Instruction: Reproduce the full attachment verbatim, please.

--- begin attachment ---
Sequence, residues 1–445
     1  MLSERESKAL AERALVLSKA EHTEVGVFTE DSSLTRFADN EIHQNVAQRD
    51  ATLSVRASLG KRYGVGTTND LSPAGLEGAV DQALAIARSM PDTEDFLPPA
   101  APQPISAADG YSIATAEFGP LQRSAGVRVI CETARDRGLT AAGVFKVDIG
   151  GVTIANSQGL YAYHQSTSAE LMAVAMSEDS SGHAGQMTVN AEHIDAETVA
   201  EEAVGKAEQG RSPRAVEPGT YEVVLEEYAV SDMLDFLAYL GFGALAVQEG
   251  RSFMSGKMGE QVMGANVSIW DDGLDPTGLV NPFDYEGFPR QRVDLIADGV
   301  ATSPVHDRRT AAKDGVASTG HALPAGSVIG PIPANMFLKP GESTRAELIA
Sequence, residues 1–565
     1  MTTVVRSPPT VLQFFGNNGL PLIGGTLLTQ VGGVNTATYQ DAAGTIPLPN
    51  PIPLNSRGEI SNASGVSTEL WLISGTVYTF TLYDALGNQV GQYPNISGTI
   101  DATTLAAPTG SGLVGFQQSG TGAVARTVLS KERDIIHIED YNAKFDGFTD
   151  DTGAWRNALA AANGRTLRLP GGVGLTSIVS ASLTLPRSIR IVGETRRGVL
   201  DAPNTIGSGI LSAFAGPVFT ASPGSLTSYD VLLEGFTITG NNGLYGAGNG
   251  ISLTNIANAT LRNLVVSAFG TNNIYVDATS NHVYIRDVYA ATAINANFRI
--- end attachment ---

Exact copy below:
Sequence, residues 1–445
     1  MLSERESKAL AERALVLSKA EHTEVGVFTE DSSLTRFADN EIHQNVAQRD
    51  ATLSVRASLG KRYGVGTTND LSPAGLEGAV DQALAIARSM PDTEDFLPPA
   101  APQPISAADG YSIATAEFGP LQRSAGVRVI CETARDRGLT AAGVFKVDIG
   151  GVTIANSQGL YAYHQSTSAE LMAVAMSEDS SGHAGQMTVN AEHIDAETVA
   201  EEAVGKAEQG RSPRAVEPGT YEVVLEEYAV SDMLDFLAYL GFGALAVQEG
   251  RSFMSGKMGE QVMGANVSIW DDGLDPTGLV NPFDYEGFPR QRVDLIADGV
   301  ATSPVHDRRT AAKDGVASTG HALPAGSVIG PIPANMFLKP GESTRAELIA
Sequence, residues 1–565
     1  MTTVVRSPPT VLQFFGNNGL PLIGGTLLTQ VGGVNTATYQ DAAGTIPLPN
    51  PIPLNSRGEI SNASGVSTEL WLISGTVYTF TLYDALGNQV GQYPNISGTI
   101  DATTLAAPTG SGLVGFQQSG TGAVARTVLS KERDIIHIED YNAKFDGFTD
   151  DTGAWRNALA AANGRTLRLP GGVGLTSIVS ASLTLPRSIR IVGETRRGVL
   201  DAPNTIGSGI LSAFAGPVFT ASPGSLTSYD VLLEGFTITG NNGLYGAGNG
   251  ISLTNIANAT LRNLVVSAFG TNNIYVDATS NHVYIRDVYA ATAINANFRI